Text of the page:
Despite a 13 per cent fall in sales in the first few months of this year, Tata Motors, the country’s biggest automobile maker, has readied a series of launches in the commercial vehicle segment over the next six months.
As many as 25-30 new products, upgrades and variants will be launched by the Mumbai-based company in the second half of the financial year, even as hope of a demand turnaround remains distant.
Ravi Pisharody, executive director, said: “In the half year that has passed, including all the variants, we would have launched about 20 products and we will be doing 25-30 products in the next six months.
“A lot of investments get made upfront (so) by delaying them, you are not receiving too much.”
Prima, the flexible truck platform launched by the company a little over two years earlier, will address the multi-axle truck segment, left untouched by the brand since launch.
So far, the Prima was available in the tractor-trailer and tipper segments.
“The Prima multi-axle truck will address the bulk of the market and be launched in the third or fourth quarter.
“We have taken customer feedback and trimmed some of the fancy features from the regular Prima cabin for the multi-axle vehicle,” added Pisharody.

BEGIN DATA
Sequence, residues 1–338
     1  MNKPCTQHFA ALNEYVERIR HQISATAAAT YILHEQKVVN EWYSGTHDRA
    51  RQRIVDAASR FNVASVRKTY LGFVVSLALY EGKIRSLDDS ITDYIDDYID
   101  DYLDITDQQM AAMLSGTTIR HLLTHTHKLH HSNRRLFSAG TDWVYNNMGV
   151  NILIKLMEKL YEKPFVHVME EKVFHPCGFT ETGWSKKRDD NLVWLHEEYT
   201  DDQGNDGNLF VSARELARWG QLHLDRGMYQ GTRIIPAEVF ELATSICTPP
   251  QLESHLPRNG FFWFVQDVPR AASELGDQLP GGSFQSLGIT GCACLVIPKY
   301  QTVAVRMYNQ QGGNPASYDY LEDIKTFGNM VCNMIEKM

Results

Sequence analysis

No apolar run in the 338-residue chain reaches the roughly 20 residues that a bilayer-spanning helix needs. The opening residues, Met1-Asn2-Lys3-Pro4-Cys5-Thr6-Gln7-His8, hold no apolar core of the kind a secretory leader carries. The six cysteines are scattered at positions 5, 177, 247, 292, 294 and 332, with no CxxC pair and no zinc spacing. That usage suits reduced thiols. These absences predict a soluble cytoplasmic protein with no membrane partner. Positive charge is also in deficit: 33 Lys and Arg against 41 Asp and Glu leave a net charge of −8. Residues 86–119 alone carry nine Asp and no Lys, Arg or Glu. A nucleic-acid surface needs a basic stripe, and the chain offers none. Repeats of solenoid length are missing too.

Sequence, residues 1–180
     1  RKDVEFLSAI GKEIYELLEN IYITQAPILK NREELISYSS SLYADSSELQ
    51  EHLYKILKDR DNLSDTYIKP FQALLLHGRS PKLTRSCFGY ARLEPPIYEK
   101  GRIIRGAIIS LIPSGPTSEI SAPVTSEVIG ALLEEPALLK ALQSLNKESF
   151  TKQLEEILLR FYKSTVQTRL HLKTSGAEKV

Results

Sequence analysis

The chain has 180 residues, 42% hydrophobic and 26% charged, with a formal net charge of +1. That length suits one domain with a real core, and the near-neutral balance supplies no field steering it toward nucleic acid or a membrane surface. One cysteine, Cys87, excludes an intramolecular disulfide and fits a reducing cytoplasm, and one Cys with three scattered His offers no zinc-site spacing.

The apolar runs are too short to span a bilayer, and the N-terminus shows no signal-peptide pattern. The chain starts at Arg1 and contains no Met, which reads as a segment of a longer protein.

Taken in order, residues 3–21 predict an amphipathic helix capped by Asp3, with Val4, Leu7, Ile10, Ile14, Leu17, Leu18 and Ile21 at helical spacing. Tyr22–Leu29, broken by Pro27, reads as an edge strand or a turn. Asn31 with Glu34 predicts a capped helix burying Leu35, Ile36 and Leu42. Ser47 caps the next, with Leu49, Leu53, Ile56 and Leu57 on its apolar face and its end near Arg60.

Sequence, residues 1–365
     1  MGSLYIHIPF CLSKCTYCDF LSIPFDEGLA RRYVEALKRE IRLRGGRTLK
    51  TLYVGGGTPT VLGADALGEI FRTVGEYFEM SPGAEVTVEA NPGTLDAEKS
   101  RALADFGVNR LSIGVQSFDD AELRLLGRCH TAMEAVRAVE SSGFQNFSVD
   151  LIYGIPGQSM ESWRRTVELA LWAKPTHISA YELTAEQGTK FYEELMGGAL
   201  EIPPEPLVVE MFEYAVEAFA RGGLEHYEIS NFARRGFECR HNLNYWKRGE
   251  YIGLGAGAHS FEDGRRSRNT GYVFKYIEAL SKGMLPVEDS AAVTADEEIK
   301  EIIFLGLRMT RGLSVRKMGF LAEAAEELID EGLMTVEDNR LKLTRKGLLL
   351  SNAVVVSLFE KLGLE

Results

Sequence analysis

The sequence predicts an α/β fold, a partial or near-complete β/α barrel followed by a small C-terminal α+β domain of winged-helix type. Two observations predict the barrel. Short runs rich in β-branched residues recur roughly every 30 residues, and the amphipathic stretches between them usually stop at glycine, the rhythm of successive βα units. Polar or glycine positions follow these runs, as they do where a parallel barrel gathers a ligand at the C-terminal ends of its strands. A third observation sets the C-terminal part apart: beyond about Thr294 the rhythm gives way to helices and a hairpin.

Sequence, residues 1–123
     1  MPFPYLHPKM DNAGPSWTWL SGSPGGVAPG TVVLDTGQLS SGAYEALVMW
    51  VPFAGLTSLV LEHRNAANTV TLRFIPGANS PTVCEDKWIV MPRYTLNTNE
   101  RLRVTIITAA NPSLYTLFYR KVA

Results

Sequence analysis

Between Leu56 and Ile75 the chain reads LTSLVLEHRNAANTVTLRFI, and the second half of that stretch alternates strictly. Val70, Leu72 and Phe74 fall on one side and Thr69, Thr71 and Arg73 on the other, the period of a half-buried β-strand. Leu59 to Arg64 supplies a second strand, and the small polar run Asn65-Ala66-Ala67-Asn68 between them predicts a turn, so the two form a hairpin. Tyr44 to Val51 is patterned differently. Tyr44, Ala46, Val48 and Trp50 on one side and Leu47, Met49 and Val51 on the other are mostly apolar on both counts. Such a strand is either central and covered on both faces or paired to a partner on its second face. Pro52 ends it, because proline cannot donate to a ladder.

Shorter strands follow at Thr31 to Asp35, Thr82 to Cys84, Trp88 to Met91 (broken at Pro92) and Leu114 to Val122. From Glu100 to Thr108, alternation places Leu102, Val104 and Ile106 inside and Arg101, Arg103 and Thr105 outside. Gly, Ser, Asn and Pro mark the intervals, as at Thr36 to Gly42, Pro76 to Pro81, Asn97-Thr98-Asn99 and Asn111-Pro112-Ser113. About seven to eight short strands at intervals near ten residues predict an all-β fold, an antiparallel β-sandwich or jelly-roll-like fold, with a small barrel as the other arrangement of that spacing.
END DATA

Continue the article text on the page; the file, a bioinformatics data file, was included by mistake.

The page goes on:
The company is also gearing to launch Ultra, a range of smaller trucks addressing the 7-12 tonne segment, in the third quarter.
About 25 Ultra trucks have already been sold to a few buyers, to gauge feedback.
The Ultra will be priced at a 20 per cent premium to a regular Tata truck.
Cumulative sales of Tata CVs till August marked a drop of 13 per cent at 176,853 units as against 202,827 units sold in the same period last year.
Sales of medium and heavy CVs were lower by 21 per cent at 49,306 units in the same period as compared to 62,410 units sold in the corresponding period a year before.
Reasons such as overcapacity, weaker freight rates, demand slump in areas such as mining and infrastructure, prolonged replacement cycle of existing vehicles, higher interest rates and fuel price rises have hit demand for new trucks in the local market.
However, many in the industry believe the CV demand in a developing market like India cannot remain subdued for a prolonged period.
“At some time, there will be a pent-up demand; at some point, vehicle replacement has to start. Everybody had laid off their supply chain in terms of capacities.
“Cars don’t collapse by 40 per cent because cars are not speculative purchases; CVs are. So. when trucks (sales) go so bad, you have to also be prepared for it to come back,” added Pisharody.
Tata Motors is the market leader in the CV segment, with a share of 53 per cent, shows data from the Society of Indian Automobile Manufacturers till July. In the medium and heavy CV truck space, its share was 61 per cent.